When Gottlieb Daimler adopted the line “das Beste oder nichts” as his motto more than a century ago, it actually meant something. The prolific German inventor pioneered the high-revving petrol engine as we know it today, and even in the decades after his passing, the Mercedes-Benz company he helped create set the benchmark for technical innovation, culminating in the futuristic (and absurdly expensive) W140 S-Class.
That’s why it’s incredibly ironic the brand adopted the “the best or nothing” maxim as its slogan in 2010 – just as it shed the last vestiges of its engineering-first philosophy. From then on, Mercedes became more interested in giving customers the most flash for their cash than actually building a good car – Sensual Purity design and 64-colour ambient lighting took precedence over things like refinement or ride comfort.
A great example of this was the W205 C-Class. Introduced back in 2014, it offered the suave style of the then-new W222 S-Class (both inside and out, I might add) at a fraction of the price. But it evidently didn’t carry over its big sibling’s serene driving experience – on modestly-specced Malaysian models, at least, it came with rough-sounding engines and a ride that lacked any sort of sophistication whatsoever. Not that this ever hurt the car’s sales performance in our image-conscious market, but I digress.
Tasked to redress that balance is the new W206, which was launched in February. Mercedes has placed a big emphasis on the suspension this time, reducing the number of options and improving the few that remain – all while retaining those big-car looks and tech. But has enough been done to impress this tough critic? We take the car on a round trip to Desaru and back to find out.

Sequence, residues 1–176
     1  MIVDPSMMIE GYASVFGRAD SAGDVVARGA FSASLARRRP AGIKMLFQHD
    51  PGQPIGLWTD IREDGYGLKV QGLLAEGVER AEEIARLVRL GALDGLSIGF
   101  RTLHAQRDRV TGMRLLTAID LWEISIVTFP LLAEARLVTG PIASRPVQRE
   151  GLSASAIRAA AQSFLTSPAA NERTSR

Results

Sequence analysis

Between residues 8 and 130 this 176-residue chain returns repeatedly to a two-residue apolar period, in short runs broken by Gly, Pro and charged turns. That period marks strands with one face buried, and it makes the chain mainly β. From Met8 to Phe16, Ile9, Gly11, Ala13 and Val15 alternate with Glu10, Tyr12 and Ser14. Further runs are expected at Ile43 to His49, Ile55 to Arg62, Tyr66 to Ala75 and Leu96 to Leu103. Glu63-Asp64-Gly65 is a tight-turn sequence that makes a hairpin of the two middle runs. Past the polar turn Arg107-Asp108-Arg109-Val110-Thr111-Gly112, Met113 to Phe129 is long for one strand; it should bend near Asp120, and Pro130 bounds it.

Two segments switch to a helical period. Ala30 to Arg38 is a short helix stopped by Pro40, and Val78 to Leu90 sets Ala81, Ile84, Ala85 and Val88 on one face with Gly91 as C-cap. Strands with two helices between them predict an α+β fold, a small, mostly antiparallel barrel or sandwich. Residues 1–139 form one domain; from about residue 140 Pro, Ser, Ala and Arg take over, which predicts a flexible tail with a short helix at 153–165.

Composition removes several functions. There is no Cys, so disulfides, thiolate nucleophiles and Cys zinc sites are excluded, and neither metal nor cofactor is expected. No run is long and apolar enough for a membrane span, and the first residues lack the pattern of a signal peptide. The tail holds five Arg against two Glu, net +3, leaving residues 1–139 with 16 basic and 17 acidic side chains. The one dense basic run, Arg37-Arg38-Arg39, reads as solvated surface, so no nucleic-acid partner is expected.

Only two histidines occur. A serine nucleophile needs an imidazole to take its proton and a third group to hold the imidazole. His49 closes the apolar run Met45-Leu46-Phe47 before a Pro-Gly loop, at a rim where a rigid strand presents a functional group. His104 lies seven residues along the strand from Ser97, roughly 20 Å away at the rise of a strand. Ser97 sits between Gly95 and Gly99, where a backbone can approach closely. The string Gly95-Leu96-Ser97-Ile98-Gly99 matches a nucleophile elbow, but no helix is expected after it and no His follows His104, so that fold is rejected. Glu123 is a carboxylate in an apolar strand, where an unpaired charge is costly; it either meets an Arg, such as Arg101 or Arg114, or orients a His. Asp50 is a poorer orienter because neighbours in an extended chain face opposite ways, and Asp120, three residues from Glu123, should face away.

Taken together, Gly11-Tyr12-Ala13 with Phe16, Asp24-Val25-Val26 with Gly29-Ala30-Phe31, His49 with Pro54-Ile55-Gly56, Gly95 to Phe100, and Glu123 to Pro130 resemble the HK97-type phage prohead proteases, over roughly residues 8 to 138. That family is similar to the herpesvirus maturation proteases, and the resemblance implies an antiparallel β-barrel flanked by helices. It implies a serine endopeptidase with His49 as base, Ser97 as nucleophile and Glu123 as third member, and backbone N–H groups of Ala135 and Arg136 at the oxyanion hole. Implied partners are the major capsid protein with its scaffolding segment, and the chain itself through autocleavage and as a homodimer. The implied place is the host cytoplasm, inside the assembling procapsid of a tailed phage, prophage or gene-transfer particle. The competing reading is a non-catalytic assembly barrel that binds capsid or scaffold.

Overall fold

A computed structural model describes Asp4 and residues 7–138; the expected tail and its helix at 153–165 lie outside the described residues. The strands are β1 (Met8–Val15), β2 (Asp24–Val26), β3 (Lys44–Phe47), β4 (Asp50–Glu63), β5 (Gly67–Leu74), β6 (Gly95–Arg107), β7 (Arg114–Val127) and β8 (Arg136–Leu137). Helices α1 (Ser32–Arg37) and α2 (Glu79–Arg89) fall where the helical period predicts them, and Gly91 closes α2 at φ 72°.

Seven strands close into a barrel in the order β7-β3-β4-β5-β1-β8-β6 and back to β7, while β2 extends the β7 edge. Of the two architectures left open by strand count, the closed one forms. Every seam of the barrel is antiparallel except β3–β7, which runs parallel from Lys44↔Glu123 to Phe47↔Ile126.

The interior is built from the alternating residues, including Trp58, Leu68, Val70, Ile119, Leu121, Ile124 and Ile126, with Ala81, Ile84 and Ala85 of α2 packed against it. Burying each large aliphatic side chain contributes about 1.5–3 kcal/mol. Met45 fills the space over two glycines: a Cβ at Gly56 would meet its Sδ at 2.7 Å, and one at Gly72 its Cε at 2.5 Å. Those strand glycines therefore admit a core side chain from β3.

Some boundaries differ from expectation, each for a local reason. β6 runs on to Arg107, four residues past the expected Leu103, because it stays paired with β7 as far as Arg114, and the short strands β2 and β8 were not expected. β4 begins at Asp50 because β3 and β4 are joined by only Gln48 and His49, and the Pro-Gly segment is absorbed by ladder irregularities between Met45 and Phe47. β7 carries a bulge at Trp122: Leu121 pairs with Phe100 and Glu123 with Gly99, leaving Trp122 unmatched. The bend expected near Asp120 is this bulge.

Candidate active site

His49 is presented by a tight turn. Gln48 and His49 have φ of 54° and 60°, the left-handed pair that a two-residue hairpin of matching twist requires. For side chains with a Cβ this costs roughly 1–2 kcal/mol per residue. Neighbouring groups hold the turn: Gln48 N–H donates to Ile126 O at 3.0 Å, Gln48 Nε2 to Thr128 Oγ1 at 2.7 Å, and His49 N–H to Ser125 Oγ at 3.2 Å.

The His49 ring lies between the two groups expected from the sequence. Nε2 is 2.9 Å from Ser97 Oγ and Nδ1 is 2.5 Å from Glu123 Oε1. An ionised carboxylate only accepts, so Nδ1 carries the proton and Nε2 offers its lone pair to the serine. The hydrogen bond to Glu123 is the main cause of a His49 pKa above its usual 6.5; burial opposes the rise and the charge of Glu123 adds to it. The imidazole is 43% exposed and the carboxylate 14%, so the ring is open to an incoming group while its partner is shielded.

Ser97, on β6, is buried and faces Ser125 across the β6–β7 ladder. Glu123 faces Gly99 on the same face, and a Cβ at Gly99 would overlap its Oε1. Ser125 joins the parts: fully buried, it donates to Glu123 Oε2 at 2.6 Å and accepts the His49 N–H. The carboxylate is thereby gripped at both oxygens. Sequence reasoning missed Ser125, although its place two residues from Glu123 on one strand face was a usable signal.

Hamstrung by initial CBU pricing – not that it matters
The W206 marks the fifth generation of a car that took the baton from the 190E in 1993 as the traditional entry point into Mercedes ownership. While Stuttgart has long since expanded its lineup downwards, the C-Class is still widely seen as the cheapest “real” Mercedes and as such maintains a level of brand kudos that its smaller siblings lack. No small wonder the C remains a very important model in Malaysia.
Revealed to the world globally in 2021, the W206 arrived on our shores almost exactly a year after. Given the relatively long lead time, it’s perhaps surprising that the car is offered as a full CBU import at first, with CKD local assembly only due to start in the second half of the year. Despite this and the fairly steep starting price of nearly RM290,000, the CBU C-Class is already completely sold out, which is encouraging news.
Two variants are currently being offered – the C 200 Avantgarde at RM288,334 and the C 300 AMG Line at RM330,681. Those figures are nearly RM40,000 higher than the equivalent CKD W205 variants, which can be attributed not only to the new model changeover and increased kit count, but also the higher import tax and excise duty and the half-rate sales and service tax (SST).